Well...first off..."spectacular" is in the eye of the beholder...so take this for what you think it's worth...prolly nada...

    REALLY GOOD (excellent, well paid, highly employed), engravers (ie: guys that engrave $200,000.00 shot guns) could care less about what you want. And that's about all there is to it and there's no off season for them so what do they care?

    Now...if you've gotten the "spectacular" thing out of your system, the next thing you have to contend with is some guy who will even write you back and acknowlege you sent him an email. Once you find one of "those guys" you have to find one that will listen to what YOU want. Oh and be sure to tell one of these double or triple engravers that removing .010" off of a .015" female ferrule wall is unacceptable and just sit around and wait for their reply!

    Well I did find one!

    From a kind and unacknowledged source here. I don't remember who steered me to Amy Armstrong but she has bent over backward, replied to every email, seemed to understand metal stress' and more importantly (to me) was willing do to what I asked of her, she sent me numerous sketches, asked questions, wanted to know terminology of ferrule design so she could talk to the poor next dope (that would be you) about what he wanted etc. Not only that, but worked from my head to her head of what I wanted and she just made it happen.

    Now, the person who recommended her thought her prices high. I don't think so and my first order is on the way. (Mike Shay)

    That work from Riccardo (?) is really spectacular.  And while it is probably geographically impractical, you should have a look at my friend Nick Taransky's web site here in Australia and have a look at some of the work done for him by an engraver in Sydney.  This is a bloke called Dick Chapman, and Nick uses him quite a lot; I use him as well, but not very often, as I just don't have the demand for the highly engraved article.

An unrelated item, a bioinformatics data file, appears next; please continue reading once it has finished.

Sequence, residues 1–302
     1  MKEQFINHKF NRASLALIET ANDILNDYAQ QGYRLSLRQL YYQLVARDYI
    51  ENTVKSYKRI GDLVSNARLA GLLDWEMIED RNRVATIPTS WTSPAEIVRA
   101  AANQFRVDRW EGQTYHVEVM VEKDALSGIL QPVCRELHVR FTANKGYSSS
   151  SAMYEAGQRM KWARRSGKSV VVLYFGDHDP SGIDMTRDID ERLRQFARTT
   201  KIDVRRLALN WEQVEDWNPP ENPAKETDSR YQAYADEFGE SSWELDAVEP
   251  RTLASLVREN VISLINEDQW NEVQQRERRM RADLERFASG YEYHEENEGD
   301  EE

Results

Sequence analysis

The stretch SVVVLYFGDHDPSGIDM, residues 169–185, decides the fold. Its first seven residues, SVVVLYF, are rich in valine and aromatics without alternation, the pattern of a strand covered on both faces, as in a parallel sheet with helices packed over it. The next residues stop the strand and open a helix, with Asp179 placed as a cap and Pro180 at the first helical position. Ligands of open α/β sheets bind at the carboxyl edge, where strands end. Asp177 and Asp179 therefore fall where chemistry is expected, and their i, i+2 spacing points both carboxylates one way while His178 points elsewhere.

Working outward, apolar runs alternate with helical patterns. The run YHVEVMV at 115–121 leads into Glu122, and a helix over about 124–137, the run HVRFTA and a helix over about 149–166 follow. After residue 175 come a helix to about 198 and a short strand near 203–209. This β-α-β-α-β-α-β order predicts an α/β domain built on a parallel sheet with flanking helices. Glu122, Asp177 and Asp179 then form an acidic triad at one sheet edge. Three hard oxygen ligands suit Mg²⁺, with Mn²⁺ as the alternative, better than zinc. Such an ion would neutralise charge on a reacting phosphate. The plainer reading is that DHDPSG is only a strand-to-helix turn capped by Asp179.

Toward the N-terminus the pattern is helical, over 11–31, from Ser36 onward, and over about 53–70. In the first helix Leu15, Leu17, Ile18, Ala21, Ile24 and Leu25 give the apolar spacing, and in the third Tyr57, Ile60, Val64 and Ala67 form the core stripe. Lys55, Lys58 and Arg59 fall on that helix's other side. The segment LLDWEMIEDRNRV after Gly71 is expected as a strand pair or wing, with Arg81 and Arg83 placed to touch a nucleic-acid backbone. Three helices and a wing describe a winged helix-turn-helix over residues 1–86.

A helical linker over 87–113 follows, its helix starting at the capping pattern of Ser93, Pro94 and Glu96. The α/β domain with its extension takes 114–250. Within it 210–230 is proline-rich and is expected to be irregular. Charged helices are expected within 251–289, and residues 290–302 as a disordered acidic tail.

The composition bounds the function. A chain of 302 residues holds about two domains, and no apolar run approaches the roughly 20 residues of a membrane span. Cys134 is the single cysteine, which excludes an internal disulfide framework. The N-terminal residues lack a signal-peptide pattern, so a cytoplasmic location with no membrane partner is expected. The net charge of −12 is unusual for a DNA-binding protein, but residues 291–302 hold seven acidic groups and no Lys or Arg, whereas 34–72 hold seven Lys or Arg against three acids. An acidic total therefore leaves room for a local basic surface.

And of course, do not overlook Bill Oyster!  (Peter McKean)

      I was going to mention Bill, myself, but then I don't know if he takes on outside work.  If things are slow, though, he might, so it's worth looking into.  Check it out, he's pretty proud of the one he did for Jimmy Carter.  (Paul Gruver)

Rule

I am considering adding a presentation rod to my line. As I do not have engraving skills I will need to seek out a professional engraver to engrave my butt cap, rings and ferrule components. Can I use reel seat components purchased from Golden Witch, REC, etc. or must I make my own a little thicker. What would you think a fair price from an engraver might be? (Dave Wallace)

    If you look at my site you'll see a few engraved seats.  I've never been able to find anyone to do ferrules.  For the seats, I pay $100-$250 for the engraving pictured.

    My engraver has asked me NOT to give his name out, so I won't.  But if you'll search for the Firearm Engravers Guild and start emailing various members, you might find a few willing to do some work for you.  (Harry Boyd)

Rule

Amy Armstrong of Armstrong Engraving in New England Contacted me today via email. Her work looks really good but a little pricey. She may have contacted you guys as well. I have absolutely no $ gain. Check her out at here.  (Dave Wallace)

Rule